able to understand enough to experiment with them myself.
That day arrived some time later when

sat in
a tent in the highlands of Scotland reading
a book

I had a sudden blast of insight. It was one of those fantastic “eureka” moments and
although Scotland is a beautiful place I couldn’t wait to get to a computer so I could try out what
I’d just learnt. T
o my surprise the first neural net I programmed worked perfectly and I haven’t
looked back since. I still have a great deal to learn, neural nets are a huge subject, but I hope I
can share enough knowledge and enthusiasm to get you started on your own litt
le projects. In
many ways the fields of AI and A

Life are very exciting to work in. I think of these subjects as
the explorers of old must have looked at all those vast empty spaces on the maps. There is so
much to learn and discover.
I’ll start off by de
scribing what a neural net actually is and what it’s architecture is, then
I’ll do a little theory on how we get it to perform for us but I’ll try to use as little maths as
possible. (Having some understanding of mathematics is impossible to avoid however
and the
deeper you get into this topic the more mathematics you are going to have to learn). Finally,
we’ll get to the fun bit. I’ll come up with a little project I will program and take you through one
step at a time. It will be in this last phase of the
tutorial where I hope you get the same “eureka”
feeling for neural nets as I did back in rainy old Scotland. Until then just sit back, absorb and be
patient.
So, what exactly is a Neural Network?
A neural network is mans crude way of trying to simulate
the brain electronically. So to
understand how a neural net works we first must have a look at how the old grey matter does its
business…
Our brains are made up of about 100 billion tiny units called
neurons
. Each neuron is
connected to thousands of other
neurons and communicates with them via electrochemical
signals. Signals coming into the neuron are received via junctions called
synapses
, these in turn
are located at the end of branches of the neuron cell called
dendrites
. The neuron continuously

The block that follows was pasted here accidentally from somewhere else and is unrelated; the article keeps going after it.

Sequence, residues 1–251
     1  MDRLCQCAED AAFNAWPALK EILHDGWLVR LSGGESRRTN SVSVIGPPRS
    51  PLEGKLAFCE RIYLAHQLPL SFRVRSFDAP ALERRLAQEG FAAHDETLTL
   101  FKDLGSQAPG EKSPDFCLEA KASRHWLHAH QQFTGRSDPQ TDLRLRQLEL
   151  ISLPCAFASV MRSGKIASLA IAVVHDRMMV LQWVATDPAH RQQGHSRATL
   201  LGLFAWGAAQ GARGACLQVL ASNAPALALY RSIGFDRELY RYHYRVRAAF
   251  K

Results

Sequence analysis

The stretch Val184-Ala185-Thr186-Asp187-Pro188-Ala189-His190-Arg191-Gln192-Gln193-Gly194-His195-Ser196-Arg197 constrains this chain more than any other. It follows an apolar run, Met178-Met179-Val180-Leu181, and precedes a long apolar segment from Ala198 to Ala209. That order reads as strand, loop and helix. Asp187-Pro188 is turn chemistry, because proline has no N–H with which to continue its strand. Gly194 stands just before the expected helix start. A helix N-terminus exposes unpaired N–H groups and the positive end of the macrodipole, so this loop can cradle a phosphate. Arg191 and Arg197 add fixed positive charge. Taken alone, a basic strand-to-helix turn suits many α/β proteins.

receive
s signals from these inputs and then performs a little bit of magic. What the neuron does
(this is over simplified I might add) is sum up the inputs to itself in some way and then, if the end
result is greater than some threshold value, the neuron fires. I
t generates a voltage and outputs a
signal along something called an
axon
. Don't worry too much about remembering all these new
words as we won’t be using many of them from this moment onwards, just have a good look at
the illustration and try to picture w
hat is happening within this simple little cell.
Neural networks are made up of many artificial neurons. An artificial neuron is simply an
electronically modelled
biological neuron. How many neurons are used depends on the task at
hand. It could be as few as three or as many as several thousand. One optimistic researcher has
even hard wired 2 million neurons together in the hope he can come up with something as
int
elligent as a cat although most people in the AI community doubt he will be successful
(
Update: he wasn't!
). There are many different ways of connecting
artificial neurons together to
create a neural network but I shall be concentrating on the most common
which is called a
feedforward
network. So, I guess you are asking yourself,
what does an artificial neuron look
like?
Well here you go:
Each input into the neuron has its own weight associated with it illustrated by the red circle. A
weight is sim
ply a floating point number and it's these we adjust when we eventually come to
train the network. The weights in most neural nets can be both negative and positive, therefore
providing excitory or inhibitory influences to each input. As each input enters
the nucleus (blue
circle) it's multiplied by its weight. The nucleus then sums all these new input values which gives
us the
activation
(again a floating point number which can be negative or positive). If the
activation is greater than a threshold value

lets use the number 1 as an example

the neuron
outputs a signal. If the activation is less than 1 the neuron outputs zero. This is typically called a
step
function (take a peek at the following diagram and have a guess why).